Corrupt police can't be touched

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The Independent Online
The chief constable of the country's second biggest police force has corrupt officers working for him but is powerless to sack them.

Edward Crew, head of West Midlands Police, said that some of his staff would have been automatically dismissed for dishonesty if they worked for a supermarket, but he was forced to keep them on because of protective practices.

"There are people working in this force that wouldn't be employed by Sainsbury's," he told The Independent. His concerns are shared by other chiefs throughout the country and the police complaints watchdog, who are urging the Jack Straw, the Home Secretary, to change the law.

Mr Crew, and fellow chief constables in England and Wales, have asked Mr Straw to reduce the standard of proof to allow forces to sack police officers considered corrupt or grossly incompetent. At present, it is extremely difficult to remove anyone - last year only 98 were sacked. To sack a police officer, evidence that proves "beyond reasonable doubt" that they are guilty is needed - a far higher standard than in civil cases or industrial tribunals. Instant dismissals are also prevented except in the most exceptional cases.

Mr Crew said: "In Sainsbury's, if they have a man whose hand is caught in the till they will release [sack] them. I couldn't do this, I have to prosecute and prove it beyond reasonable doubt. There are a very small number of officers in this force, and in the police service nationally, who I suspect of having been involved in serious breaches in the criminal law, where it's not possible to obtain evidence to prove beyond reasonable doubt they were involved in that behaviour."

He continued: "I have officers in this force who should not be serving police officers. If we were assessing their standards of behaviour to the standard required of other employers, these people would not be working."

He added: "I have officers who have been to court and have been found not guilty of criminal offences by a jury and they continue to serve in this force because I cannot, in the current arrangement, [use] evidence that was given to the court."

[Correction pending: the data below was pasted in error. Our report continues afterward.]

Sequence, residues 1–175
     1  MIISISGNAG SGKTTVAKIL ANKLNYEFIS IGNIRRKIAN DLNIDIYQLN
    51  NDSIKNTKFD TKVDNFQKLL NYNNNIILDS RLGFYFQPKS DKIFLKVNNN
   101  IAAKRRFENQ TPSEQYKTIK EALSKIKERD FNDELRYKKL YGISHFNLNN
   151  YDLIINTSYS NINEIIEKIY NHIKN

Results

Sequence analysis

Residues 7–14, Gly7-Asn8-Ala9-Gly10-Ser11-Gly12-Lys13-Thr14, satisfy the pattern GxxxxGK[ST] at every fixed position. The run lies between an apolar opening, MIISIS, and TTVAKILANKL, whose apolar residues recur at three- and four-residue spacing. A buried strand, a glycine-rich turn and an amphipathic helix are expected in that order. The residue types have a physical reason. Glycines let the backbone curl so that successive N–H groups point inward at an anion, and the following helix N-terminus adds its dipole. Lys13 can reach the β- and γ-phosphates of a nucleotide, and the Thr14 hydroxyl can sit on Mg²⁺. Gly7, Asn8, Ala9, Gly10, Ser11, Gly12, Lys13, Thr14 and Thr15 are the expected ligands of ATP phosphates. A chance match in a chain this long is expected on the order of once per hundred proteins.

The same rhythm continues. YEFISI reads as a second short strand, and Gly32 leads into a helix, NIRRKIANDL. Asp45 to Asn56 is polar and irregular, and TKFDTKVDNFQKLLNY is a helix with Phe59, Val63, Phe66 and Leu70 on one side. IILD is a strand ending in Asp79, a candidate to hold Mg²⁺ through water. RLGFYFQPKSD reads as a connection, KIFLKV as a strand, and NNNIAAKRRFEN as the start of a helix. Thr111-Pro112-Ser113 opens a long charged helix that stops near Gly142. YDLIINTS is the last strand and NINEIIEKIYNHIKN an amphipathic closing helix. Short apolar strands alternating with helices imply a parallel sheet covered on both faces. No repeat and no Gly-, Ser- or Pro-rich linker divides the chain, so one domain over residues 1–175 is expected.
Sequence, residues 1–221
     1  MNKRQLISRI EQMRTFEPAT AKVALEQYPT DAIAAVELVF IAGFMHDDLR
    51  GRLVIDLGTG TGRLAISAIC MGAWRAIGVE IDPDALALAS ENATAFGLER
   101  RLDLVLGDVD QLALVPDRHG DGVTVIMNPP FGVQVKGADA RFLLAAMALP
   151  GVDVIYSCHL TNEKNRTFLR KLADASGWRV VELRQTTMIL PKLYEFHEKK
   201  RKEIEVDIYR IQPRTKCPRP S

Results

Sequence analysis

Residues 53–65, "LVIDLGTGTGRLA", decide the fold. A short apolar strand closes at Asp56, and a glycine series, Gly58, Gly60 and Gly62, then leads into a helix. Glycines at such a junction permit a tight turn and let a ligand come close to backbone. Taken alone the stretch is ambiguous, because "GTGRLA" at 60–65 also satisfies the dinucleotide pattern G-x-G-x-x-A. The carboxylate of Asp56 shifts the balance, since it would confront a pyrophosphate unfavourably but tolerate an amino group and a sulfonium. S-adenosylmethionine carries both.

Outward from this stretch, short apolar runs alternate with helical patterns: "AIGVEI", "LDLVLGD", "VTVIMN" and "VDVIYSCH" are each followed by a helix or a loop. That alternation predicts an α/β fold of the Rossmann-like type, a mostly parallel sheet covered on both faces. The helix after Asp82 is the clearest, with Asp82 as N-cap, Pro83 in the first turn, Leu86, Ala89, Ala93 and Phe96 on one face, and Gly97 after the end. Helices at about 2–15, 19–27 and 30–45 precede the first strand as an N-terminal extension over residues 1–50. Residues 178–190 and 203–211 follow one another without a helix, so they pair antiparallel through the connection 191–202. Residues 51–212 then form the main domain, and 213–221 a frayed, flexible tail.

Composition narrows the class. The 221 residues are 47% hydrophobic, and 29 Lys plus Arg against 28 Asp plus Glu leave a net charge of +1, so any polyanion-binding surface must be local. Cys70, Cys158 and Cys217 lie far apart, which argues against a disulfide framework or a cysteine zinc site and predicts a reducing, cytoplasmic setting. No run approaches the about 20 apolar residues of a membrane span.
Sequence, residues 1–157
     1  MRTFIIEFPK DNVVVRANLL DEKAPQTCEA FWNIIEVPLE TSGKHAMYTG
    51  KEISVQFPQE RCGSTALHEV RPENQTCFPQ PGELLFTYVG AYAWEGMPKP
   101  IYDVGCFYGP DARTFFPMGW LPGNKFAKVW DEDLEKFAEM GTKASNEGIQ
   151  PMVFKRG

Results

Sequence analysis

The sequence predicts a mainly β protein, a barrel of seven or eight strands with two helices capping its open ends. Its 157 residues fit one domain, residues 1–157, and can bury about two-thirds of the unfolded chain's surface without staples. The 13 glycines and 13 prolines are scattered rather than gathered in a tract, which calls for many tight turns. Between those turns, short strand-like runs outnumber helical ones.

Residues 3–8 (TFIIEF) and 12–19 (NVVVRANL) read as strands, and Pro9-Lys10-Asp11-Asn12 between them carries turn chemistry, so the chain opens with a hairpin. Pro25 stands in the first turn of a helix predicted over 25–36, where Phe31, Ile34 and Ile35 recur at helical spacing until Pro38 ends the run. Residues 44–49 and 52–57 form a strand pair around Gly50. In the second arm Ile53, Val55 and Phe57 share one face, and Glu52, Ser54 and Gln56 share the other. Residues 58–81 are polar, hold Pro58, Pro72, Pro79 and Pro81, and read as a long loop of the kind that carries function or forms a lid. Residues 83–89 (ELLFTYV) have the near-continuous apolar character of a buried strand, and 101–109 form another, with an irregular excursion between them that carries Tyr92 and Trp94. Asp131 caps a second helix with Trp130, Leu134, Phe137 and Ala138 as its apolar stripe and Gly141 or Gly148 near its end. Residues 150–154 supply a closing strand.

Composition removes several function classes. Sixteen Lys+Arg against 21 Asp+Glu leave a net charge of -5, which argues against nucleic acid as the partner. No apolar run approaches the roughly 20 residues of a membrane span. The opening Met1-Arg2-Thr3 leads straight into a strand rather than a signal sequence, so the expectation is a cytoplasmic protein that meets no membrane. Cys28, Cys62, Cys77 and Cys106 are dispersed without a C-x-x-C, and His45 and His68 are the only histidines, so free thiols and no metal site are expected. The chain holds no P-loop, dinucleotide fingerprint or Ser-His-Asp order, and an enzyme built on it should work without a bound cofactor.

Earlier this week, the West Midlands Police became the second force to set up a confidential internal telephone hotline for staff to pass on information about suspected corrupt officers. The call for reform of the system by Mr Crew, and the Association of Chief Police Officers has the support of the independent Police Complaints Authority (PCA). The Home Secretary has agreed to re-examine the issue.

The Police Federation, which represents all ranks below superintendent - the vast bulk of the 127,000 officers in England and Wales - is furious at the action by chief constables and have accused them of reneging on early promises.

Sir Paul Condon, commissioner of the Metropolitan Police, has already criticised what he believes is a growing trend among police officers accused of serious corruption and malpractice of avoiding disciplinary hearings by taking sick leave and retiring on grounds of ill health with index- linked benefits.

Mr Crew is also critical of the "double jeopardy" system, whereby evidence used against a police officer in a criminal trial cannot be re-used at a disciplinary hearing. The Crown Prosecution Service has privately admitted that it sometimes fails to bring charges against a police officer because it fears a jury will acquit him or her and thereby deny an opportunity for the evidence to be heard at a disciplinary hearing.

Mr Crew also believes that the high level of proof prevents him from sacking some officers who he believes have sexually harassed female colleagues.

Peter Moorhouse, chairman of the PCA, yesterday agreed that there are some corrupt officers who are being protected by the system, but said they were a "small minority". A PCA spokesman said: "We sympathise with Mr Crew and would like to see changes to the system."

The Police Federation argues that the police need extra protection against malicious complaints. Ian Westwood, vice chairman of the federation, said: "If chief constables believe officers are corrupt they should be dealt with at court and sentenced to imprisonment. We are concerned that people will be got rid of without proper evidence just because someone suspects they are corrupt."

Bent coppers, page 9

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